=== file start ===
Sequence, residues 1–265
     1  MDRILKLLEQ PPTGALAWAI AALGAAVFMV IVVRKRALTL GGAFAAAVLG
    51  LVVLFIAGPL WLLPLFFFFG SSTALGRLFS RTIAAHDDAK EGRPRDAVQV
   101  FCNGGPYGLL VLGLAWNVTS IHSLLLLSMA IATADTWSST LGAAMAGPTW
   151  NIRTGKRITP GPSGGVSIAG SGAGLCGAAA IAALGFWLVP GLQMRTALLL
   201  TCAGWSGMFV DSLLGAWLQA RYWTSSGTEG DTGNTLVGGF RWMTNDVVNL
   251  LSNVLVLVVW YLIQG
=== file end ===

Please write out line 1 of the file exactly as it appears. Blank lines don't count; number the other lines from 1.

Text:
Sequence, residues 1–265